Peterson: We have a fairly unique model for how we segment our channel ecosystem. It’s really a three-pronged go-to-market approach. We have our agents in the U.S., which are called concessionaires in Europe. They’re contractually obligated to support Xerox solutions only, and it’s a big chunk of our business. In the U.S., we probably have a couple hundred agents, and twice as many in Europe. Because of the relationship we have with them and how long we’ve been doing business with these agents, its vital to keep the business current with new tools while enhancing the global partner program we successfully launched here at beginning of the year. It’s around making sure they’re leveraging the tools and channel-enablement assets that we offer.

The second route to market is what we call DTP, document technology partners. These are print-centric dealers—there are literally a couple thousand of them in the U.S. and several thousand across Europe. They sell competitive offerings, whether its Canon, Ricoh, Konica Minolta and others, and we’ve had some great success here in the last year or two while building out that part of our channel ecosystem. In the U.S., we probably have a couple hundred and we’re signing new dealers on a quarterly basis. We have the same strategy in Europe. This allows us to extend our reach pretty significantly into the SMB market, specifically in the midmarket segment. These DTPs have other solutions that they can sell, so we have to make sure that we’re competitive in terms of our offerings. We have to make sure that our products are positioned appropriately so that they can leverage them. One of the biggest attractions for that DTP community is our strong production fleet of products. We’re seeing pretty strong growth across the North American landscape as well as in Europe. The challenges for us are to recruit, enable and ultimately help execute in the marketplace.

The third route to market is what we call our Velocity business. These are the traditional IT resellers. We focus on the U.S. segment. There are roughly 15,000 resellers out of about 75,000 total resellers that are buying some type of print solutions. We serve roughly a couple thousand of those partners, mainly through our distributors like Tech Data, Ingram Micro, Supplies Network and Synnex, but we serve them through both distribution relationships. We’re selling predominantly in the SMB market space, so this gives us an opportunity again to expand and offer Xerox products and services, whether it’s the 29 ConnectKey products, of which 17 are in the A4 space, or from an MPS perspective, where we’re seeing significant growth.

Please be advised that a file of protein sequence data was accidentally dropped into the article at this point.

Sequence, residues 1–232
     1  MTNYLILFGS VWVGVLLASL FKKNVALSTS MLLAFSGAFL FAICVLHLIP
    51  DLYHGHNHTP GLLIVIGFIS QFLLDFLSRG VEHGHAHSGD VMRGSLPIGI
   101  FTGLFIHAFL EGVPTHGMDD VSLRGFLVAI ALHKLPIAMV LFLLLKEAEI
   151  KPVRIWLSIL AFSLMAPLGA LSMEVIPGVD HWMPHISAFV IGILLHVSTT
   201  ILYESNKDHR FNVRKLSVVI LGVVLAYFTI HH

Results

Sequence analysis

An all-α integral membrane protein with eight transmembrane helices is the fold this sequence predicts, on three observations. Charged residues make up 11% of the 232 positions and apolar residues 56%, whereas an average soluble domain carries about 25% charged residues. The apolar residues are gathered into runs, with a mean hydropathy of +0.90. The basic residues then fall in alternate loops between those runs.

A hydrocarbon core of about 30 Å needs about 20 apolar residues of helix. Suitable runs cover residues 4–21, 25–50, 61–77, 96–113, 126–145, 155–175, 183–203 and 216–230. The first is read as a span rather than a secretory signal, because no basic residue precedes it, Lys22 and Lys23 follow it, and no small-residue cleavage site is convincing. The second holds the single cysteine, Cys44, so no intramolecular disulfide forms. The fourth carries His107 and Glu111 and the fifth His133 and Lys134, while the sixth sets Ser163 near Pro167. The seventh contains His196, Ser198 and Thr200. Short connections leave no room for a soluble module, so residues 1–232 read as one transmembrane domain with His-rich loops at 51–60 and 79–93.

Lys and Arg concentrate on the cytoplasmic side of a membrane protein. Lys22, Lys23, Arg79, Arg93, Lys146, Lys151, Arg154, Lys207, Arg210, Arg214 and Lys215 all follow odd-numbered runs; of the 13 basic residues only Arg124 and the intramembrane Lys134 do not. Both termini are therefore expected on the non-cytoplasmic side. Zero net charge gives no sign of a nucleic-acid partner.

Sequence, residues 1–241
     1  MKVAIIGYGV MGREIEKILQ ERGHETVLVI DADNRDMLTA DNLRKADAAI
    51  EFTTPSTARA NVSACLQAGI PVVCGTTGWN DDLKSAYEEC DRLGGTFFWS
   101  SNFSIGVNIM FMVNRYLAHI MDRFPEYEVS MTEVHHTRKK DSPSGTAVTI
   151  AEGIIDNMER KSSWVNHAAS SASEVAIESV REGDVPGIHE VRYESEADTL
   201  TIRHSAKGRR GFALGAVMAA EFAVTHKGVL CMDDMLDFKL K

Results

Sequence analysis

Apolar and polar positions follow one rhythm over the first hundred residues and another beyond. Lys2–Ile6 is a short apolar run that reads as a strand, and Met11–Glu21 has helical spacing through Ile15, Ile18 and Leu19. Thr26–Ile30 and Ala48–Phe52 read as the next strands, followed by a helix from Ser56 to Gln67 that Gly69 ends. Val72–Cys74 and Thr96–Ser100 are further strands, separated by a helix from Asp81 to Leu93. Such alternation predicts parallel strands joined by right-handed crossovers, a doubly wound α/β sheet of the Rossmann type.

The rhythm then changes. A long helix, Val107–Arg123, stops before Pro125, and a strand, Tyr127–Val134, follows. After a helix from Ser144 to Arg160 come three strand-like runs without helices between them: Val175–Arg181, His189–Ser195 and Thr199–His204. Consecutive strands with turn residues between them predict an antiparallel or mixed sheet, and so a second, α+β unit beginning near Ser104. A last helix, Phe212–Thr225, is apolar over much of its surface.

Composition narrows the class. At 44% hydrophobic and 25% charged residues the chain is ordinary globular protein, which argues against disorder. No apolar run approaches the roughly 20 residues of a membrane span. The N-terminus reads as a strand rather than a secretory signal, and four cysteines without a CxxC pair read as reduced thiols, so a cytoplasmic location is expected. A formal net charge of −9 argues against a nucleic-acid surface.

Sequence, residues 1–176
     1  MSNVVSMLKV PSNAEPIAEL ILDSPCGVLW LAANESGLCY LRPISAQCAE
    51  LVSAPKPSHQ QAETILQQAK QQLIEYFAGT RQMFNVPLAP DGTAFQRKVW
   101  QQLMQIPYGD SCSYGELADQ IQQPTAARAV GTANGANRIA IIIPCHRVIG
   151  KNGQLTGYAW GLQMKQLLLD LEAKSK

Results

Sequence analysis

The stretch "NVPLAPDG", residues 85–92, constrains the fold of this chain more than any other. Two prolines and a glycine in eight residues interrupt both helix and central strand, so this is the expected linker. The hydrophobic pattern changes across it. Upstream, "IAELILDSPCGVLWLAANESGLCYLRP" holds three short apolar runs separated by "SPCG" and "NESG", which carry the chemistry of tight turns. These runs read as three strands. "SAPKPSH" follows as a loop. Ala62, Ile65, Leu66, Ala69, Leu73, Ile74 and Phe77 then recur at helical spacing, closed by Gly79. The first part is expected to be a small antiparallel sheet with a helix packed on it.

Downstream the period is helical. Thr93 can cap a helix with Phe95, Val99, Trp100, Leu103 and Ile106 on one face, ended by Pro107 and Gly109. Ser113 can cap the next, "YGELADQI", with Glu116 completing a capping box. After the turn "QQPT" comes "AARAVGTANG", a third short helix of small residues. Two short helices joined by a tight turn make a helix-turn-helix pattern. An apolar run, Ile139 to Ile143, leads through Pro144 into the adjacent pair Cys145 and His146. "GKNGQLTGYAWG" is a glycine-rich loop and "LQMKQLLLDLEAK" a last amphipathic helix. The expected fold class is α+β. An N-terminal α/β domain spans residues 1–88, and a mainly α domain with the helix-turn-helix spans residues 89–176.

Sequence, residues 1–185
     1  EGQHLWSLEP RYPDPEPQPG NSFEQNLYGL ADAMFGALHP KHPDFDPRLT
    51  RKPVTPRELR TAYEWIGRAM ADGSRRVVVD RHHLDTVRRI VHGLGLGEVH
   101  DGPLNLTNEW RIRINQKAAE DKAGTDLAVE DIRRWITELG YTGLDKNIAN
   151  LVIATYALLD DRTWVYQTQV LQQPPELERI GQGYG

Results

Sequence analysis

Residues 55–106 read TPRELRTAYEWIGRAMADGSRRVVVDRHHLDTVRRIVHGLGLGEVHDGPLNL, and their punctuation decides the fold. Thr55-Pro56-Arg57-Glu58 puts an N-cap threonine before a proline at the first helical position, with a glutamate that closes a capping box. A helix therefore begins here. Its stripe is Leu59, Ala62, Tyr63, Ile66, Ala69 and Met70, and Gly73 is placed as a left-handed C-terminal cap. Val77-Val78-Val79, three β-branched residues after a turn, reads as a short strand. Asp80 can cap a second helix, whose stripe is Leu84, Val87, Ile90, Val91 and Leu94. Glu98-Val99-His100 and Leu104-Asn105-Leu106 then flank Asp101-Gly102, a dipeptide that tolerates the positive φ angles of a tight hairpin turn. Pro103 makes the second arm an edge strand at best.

Have there been any distractions from the Fujifilm situation? Has it impacted dealer confidence?

Peterson: There’s been a dialogue between me, my team and our channel partners. My job and the team’s responsibility is to engage and communicate what we can and what we know as it relates to the Xerox organization. We’ve jumped in front of that and I’ve had the chance to personally speak with many of our partners, whether in large group sessions or through advisory council opportunities. There’s a common theme to the message: Xerox is a 112-year-old company. We’ve had great success, and a lot of that success in the last two decades has really been because of our growing channel partner ecosystem. That’s not going to change. We have great products and solutions. That’s not going to change. Our commitment to driving value and opportunities for the channel is not going to change. At some point, it just becomes noise. My message is to stay focused and make sure we’re doing everything we can to support them. I don’t know of any deals or opportunities that have been derailed because of whatever they’re hearing about in the news. Our channel partners have been very receptive.

What are your goals for the balance of this year and 2019?

Peterson: Each year, we send out partner experience surveys. One of the more common themes for this year was “help me simplify my experience with Xerox.” If you think about a company that has historically been focused on its offerings in the enterprise space, being nimble and predictable from an engagement perspective in the SMB market is a must-have. That’s what we’re doing every day at Xerox with the operations teams, whether it’s with our channel sales teams or our marketing programs and the various portals that our partners use to drive business…how do we simplify that experience? Another goal involves expansion, identifying and recruiting new partners, specifically in that DTP route-to-market, as well as within our Velocity business. For example, we sell to roughly a couple hundred DTPs, and there are about a couple thousand in the U.S. overall. In the Velocity space, we sell to 3,000 Velocity partners, and there’s approximately 12,500 to 15,000 of them overall when we look at data from our distributors. So there’s an opportunity there with our Velocity and DTP partners while going deeper and more strategic with our agent business.

Erik Cagle
About the Author
Erik Cagle is the editorial director of ENX Magazine. He is an author, writer and editor who spent 18 years covering the commercial printing industry.